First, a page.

Retro Arcade Review: The Punisher 1993

During the lockdown, I was bored. It’s no surprise that this, and I’m sure many other blogs resurfaced during this period, but sadly, a man can only spin the wheels of content production for so long before the endless Twitter following sprees start to remind you that all life is ultimately meaningless and no one will remember you.

Thankfully, there is one other thing I can do to a semi decent standard, and that is build arcade machines. I’m no expert engineer, but I figured out the mysteries of the Raspberry Pie and the riddles of hyperspin and MAME, and slapped it into a box built from what is, quite frankly, an obscene amount of wood glue.

The first thing you realise, after slapping together a system like this, is that there were a lot of quarters and dimes to hoover out of childrens pockets in the 1980’s. Because of this sweaty goldmine, there are a lot of arcade games, and because children are terrible at everything, especially objectively assessing quality, a lot of them are garbage.

There is also a massive amount of shoddily rendered 16 bit Mahjong games focussed primarily on the scantily clad lady on the back of the tiles, but that’s for another time.

Hence the need for reviews like this. The world may have moved on, but there is something about an early nineties sprite animation that fills me with joy that isn’t equalled by Call Of Duties kill cam, or anything in the modern era. It just looks like fun to me. The sprite, not the headshots.

The Punisher, released in 1993, is one of the best arcade games I’ve played (and I will be the first to admit, I am expanding my horizons all the time). The game is a classic slide scrolling Capcom blast, with those big snarly sprites that the era was best for. The graphics have the look of a pulp comic book, which is just perfect, provided you don’t let ideas like “good taste” ruin things for yourself.

As a tasty bit of trivia, it’s the first game Capcom and Marvel produced together, starting the partnership that has delivered the pinnacle of goofy fighting games and gave us a tonne more of those big character beat em ups that exist all the way through to today.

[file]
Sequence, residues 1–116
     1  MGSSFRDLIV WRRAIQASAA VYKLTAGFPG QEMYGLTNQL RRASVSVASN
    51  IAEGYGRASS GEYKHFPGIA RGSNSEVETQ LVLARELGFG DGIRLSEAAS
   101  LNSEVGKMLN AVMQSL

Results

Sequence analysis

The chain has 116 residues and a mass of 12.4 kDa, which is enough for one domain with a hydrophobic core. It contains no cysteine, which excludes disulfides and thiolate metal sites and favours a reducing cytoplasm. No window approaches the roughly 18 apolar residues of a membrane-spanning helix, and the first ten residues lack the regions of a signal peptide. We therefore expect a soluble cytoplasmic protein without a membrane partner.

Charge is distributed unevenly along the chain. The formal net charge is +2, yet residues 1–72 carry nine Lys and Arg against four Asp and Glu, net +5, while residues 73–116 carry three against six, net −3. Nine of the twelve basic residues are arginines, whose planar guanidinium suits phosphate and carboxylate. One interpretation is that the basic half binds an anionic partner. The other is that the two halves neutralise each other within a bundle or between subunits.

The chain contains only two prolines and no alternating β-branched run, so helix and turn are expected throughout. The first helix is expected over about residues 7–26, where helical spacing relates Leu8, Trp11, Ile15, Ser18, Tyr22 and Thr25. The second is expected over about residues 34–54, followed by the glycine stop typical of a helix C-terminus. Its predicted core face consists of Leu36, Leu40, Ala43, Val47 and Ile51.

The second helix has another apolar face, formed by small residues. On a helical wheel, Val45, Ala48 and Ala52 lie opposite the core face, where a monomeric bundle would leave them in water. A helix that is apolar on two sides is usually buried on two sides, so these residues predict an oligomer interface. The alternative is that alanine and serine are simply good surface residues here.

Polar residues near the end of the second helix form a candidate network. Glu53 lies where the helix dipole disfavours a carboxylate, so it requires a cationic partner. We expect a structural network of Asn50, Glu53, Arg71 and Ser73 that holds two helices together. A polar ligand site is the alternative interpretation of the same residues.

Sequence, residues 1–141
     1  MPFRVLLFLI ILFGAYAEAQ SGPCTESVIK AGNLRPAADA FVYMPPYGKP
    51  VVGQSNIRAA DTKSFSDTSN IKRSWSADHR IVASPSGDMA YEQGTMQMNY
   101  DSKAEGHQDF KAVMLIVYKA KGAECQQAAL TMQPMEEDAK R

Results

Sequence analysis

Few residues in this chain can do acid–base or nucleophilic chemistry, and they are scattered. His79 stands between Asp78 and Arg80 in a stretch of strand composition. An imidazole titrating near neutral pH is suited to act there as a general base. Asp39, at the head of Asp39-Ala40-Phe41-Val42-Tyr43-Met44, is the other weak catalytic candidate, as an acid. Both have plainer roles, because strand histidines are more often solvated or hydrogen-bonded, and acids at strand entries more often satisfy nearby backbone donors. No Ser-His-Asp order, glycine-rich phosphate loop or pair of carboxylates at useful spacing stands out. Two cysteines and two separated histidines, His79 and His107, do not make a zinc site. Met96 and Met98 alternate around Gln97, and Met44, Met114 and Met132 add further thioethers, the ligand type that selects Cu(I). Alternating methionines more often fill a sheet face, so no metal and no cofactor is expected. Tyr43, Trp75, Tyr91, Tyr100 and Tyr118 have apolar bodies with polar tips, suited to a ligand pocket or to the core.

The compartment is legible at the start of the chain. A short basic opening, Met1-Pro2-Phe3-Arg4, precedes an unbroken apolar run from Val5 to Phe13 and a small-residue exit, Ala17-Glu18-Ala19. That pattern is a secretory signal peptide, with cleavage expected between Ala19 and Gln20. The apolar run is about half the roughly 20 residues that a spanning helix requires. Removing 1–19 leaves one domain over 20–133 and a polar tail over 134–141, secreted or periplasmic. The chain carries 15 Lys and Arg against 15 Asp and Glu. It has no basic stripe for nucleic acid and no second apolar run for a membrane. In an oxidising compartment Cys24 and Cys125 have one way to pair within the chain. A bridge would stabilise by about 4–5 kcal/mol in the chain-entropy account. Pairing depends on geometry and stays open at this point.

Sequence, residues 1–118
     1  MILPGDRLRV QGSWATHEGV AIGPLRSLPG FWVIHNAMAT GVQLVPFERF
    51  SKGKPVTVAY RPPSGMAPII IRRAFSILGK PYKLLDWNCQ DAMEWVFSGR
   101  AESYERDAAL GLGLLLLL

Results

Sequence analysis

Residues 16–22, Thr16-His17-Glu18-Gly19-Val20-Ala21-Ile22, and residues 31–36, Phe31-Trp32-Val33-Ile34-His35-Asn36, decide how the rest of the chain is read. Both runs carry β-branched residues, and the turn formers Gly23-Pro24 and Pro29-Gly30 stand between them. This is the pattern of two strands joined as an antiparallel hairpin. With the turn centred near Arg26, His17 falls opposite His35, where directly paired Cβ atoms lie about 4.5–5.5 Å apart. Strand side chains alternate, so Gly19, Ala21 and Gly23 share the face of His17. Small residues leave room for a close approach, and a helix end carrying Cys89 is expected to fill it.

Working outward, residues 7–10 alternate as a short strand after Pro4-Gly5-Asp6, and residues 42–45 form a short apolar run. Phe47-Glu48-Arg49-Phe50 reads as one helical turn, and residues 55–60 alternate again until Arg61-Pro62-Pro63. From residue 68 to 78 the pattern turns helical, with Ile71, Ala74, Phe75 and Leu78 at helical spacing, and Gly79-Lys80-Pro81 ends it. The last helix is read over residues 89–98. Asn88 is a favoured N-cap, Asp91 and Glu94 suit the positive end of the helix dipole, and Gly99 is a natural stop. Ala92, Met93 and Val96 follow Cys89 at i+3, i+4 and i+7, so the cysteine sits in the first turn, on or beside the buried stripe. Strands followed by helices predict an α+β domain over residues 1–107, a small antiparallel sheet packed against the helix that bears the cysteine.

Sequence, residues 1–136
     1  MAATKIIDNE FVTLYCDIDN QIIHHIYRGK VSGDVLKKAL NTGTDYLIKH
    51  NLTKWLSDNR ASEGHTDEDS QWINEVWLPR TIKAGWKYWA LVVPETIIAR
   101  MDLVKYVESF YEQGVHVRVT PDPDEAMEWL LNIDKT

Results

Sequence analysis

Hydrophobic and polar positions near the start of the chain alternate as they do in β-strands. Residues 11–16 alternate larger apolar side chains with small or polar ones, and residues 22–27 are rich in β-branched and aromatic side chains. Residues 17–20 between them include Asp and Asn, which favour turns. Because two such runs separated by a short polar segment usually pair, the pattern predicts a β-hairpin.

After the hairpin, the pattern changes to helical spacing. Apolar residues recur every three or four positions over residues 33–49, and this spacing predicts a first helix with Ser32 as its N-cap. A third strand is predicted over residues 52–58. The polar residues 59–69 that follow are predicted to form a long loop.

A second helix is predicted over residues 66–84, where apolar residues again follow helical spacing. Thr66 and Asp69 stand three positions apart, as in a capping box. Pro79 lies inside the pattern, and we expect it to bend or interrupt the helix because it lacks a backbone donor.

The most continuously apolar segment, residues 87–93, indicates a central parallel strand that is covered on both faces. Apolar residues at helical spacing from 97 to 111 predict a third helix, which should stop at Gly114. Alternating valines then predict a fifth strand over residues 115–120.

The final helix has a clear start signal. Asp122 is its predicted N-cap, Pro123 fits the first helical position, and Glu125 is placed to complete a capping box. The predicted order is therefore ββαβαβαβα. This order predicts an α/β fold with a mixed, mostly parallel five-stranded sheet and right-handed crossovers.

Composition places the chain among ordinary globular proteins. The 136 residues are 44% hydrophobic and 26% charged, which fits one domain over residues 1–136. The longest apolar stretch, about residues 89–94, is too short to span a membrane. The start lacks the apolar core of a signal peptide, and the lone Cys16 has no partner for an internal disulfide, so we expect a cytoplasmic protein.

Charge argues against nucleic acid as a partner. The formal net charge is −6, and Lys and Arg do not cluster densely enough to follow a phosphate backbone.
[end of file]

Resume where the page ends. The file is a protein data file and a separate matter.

I mean, of course there are fair criticisms that can be levelled at The Punisher. It is basically exactly the same game play wise from countless other side scrolling beat em ups. If you’ve played Double Dragon, Streets of Rage, or TMNT arcade games, you’ll get the deal immediately. It’s not looking to reinvent the wheel, it just wants to build a really nice wheel.

There are some changes, the range of weapons you can pick up is great, from guns, to knives, to stuff you can throw. There were a few times in the later levels where I found myself pinned against a wall of enemies, only to find a weapon on the floor and blowing them away.

The backgrounds and changing levels are also great, in the first few minutes you’ll go from a street, to a moving bus, to the criminals’ compound. The big hyper colourful graphics do a lot to help ease things along, and the constant shift of location help break up the gameplay, which, if we’re being honest, is mostly punching men in different colour jackets in the face.

But that’s what you’re here for right? No one picks up a game made by Capcom starring the Punisher for it’s subtle plot elements.

One other disappointment, and it is incredibly minor and probably not fair for me to mention, is the lack of headline stars in the enemies of the game, there are a few, the KingPin, Jigsaw and others, but you’re not going to see the same big names that you’ll see in the retro X-Men games for example. Obviously, this isn’t a problem so much as a choice, but dammit, sometimes your inner child really wants that cup of nostalgia to runneth over.

Overall, I love it. It’s a wave of childhood nostalgia that plays tightly, looks bananas in the best way, and is still a damn good time. It helps that it’s not designed for the ADHD powered reflexes of children, it’s still a challenge, but it’s a challenge my old 30 year old fingers can rise to.

The Punisher, 1993: 4/5

 

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